Infographic: The Truth About Super Shoes & Running Shoes

We’ve added a topical new infographic to our popular series!

There is so much talk around athletic footwear, and particularly super shoes at the moment. So, I decided to add to my series of infographics citing the very latest research to cut through all the nonsense, and to give you, Bartold Clinical family,  the very best clinical advice re running shoes!

This is all pretty pragmatic, it is based on the facts published in the current literature.


The truth about the “super shoes”:

A whole new category has entered the running shoe vocabulary…”super shoes”. This emotive term describes the rush by all major companies to compete with the record-breaking Nike Vaporfly 4% and family.

Characterised by high tech foams, carbon fibre plates, extreme stack heights and pronounced rockers, these shoes have re-written the rule books. But what do we really know, is there a downside to the proposed performance advantages?


This infographic attempts to clarify the current knowledge.



Check out the full collection of athletic footwear infographics here – and some more English infographics below.


The truth about running shoes:

Original, Simon Bartold

The truth about Minimalist shoes:

One of THE great controversies in sports medicine in recent years sprung up around the claims that minimalist footwear, that is, footwear with a heel to toe gradient of 4mm or less, was a solution for all runners in relation to technique and injury.

Well of course this is a total load of balony, runners respond differently to different footwear.. period! However, do  not think that minimalist footwear is bad.. or good for that matter. It is neither, but, if you understand footwear, you can use this knowledge to help your running athletes. If you do  not understand, you WILL hurt them!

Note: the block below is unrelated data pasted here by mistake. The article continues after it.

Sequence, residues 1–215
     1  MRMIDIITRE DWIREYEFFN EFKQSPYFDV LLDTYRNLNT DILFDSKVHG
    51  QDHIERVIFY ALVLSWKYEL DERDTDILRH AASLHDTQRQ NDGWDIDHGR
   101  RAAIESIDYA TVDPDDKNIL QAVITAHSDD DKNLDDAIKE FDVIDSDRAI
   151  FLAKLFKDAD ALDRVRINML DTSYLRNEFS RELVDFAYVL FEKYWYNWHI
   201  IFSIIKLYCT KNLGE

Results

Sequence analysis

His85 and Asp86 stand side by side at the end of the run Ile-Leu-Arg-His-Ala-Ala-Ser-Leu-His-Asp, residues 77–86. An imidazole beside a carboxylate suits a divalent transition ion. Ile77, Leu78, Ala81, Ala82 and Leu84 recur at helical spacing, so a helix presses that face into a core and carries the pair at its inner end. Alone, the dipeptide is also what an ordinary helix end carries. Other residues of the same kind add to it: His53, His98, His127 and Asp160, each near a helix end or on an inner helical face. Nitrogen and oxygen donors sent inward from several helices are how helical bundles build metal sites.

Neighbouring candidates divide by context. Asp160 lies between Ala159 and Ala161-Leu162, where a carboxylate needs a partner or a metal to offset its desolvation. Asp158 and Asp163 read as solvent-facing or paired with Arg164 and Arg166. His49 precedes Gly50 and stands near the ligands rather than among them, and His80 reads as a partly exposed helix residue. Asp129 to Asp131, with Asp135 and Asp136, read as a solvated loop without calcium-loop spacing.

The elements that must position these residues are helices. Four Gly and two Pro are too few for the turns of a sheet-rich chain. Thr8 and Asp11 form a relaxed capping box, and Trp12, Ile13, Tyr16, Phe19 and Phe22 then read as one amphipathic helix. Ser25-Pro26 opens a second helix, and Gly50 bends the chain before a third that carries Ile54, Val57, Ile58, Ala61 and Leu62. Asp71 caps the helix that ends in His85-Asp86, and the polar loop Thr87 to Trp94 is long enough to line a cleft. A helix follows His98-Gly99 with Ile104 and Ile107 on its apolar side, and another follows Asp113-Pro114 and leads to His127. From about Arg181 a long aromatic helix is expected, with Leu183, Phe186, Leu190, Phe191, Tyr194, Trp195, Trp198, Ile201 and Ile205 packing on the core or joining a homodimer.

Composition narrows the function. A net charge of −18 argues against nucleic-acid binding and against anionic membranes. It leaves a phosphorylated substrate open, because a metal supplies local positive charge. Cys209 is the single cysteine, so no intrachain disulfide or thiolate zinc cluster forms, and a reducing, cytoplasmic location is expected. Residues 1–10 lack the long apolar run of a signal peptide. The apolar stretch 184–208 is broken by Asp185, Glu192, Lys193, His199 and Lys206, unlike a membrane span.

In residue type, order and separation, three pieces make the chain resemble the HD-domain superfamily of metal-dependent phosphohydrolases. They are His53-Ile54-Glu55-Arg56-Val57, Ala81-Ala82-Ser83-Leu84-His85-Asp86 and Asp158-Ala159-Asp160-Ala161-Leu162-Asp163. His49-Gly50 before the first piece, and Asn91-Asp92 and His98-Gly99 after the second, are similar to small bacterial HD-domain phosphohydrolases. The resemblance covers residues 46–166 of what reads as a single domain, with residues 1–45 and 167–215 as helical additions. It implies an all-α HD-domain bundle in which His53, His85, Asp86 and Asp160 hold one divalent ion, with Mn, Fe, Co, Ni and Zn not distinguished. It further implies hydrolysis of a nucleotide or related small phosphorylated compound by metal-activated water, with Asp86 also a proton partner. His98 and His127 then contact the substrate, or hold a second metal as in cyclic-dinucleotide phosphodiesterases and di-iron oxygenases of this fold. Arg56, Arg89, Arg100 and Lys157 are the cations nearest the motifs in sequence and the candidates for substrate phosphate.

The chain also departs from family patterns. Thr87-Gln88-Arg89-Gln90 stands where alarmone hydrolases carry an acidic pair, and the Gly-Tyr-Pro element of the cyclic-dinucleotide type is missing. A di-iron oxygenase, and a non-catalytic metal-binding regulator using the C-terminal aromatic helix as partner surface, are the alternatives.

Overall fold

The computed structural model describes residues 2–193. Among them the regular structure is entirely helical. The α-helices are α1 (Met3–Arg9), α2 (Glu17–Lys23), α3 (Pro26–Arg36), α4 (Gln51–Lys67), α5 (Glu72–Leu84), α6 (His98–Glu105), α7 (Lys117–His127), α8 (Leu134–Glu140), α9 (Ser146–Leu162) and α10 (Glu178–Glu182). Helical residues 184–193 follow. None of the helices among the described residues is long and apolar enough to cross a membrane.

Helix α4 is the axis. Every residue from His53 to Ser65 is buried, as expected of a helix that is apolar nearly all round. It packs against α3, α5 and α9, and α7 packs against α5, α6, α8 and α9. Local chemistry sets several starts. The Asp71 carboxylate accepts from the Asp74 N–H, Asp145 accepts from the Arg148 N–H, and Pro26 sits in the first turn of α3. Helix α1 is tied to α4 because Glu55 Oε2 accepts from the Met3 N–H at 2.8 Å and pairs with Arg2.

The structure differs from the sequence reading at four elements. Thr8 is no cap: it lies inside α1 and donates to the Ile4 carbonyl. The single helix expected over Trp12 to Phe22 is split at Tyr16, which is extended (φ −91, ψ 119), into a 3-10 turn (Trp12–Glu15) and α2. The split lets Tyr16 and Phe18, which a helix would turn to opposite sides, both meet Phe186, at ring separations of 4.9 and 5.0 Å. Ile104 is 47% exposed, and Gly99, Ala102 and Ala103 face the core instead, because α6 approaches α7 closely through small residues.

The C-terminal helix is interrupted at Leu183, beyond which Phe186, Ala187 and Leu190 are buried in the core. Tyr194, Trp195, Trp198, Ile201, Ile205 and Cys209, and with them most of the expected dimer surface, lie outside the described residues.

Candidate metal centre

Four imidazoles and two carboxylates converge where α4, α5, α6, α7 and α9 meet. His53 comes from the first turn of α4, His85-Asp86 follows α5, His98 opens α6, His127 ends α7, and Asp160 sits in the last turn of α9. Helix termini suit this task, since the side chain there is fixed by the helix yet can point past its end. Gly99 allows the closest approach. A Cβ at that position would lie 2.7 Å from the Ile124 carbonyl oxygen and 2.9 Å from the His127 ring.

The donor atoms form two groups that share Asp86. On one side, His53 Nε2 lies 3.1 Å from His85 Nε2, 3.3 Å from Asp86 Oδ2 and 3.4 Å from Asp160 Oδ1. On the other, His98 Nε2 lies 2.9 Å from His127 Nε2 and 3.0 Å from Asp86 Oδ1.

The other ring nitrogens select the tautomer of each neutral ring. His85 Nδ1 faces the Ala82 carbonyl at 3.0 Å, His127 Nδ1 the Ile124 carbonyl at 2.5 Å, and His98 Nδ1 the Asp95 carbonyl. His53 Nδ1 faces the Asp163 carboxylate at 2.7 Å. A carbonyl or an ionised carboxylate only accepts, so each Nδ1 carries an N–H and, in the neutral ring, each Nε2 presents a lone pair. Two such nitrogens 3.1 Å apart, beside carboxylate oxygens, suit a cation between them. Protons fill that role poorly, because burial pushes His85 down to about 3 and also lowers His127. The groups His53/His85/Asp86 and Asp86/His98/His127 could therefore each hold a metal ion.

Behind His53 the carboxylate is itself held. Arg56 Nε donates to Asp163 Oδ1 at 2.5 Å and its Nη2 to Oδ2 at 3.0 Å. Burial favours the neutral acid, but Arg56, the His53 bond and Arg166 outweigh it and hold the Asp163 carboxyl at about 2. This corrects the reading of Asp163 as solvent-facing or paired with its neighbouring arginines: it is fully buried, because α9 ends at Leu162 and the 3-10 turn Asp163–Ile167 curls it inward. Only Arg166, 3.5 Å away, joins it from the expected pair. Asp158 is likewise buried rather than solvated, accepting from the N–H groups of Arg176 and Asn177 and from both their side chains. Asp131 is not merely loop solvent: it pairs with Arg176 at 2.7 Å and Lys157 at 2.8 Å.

Original, Simon Bartold

The truth about Maximalism shoes:

Yet another paper asserting that ‘maximalist shoe’ may increase impact loading. This issue is going to shake out sometime soon, and I hope this new infographic will help to bring some sanity to the discussion.

 Original, Simon Bartold

The truth about Motion Control and cushioning shoes:

Motion control strategies for running shoes, in the form of dual-density midsoles, were first introduced in 1982 and were the brainchild of Barry Bates. They remain in mainstream running footwear 36 years later, despite there being virtually zero evidence for their efficacy. The notion that motion control strategies in running shoes will protect from or reduce injury has never been scientifically established. Likewise, cushioning has been a mainstay of marketing for running shoes for at least 40 years.

In 1977 Professor Benno Nigg showed that cushioning did not systematically reduce peak impact forces, the presumed reason for cushioning. In 1988 he showed that increasing midsole hardness systematically decreased peak impact load. So, we must seriously question the role of both motion control and cushioning in running footwear, especially as it relates to injury. In short, motion control parameters do not reduce injury.

Cushioning parameters do not reduce injury. This is the Truth about motion control and cushioning

Original, Simon Bartold



It is critical that you, as sports medicine clinical experts, do not get bogged down with the hype, the myths and the folklore surrounding running footwear. Motion control strategies do not work and do not reduce injury. Cushioning does not reduce impact peaks and does not reduce injury. Minimalist footwear will not make you forefoot strike or run faster and it will not reduce injuries. Maximalist footwear will not reduce impact peaks and may compromise the economy.

It is unlikely also that this type of footwear will have a systematic effect on injury!

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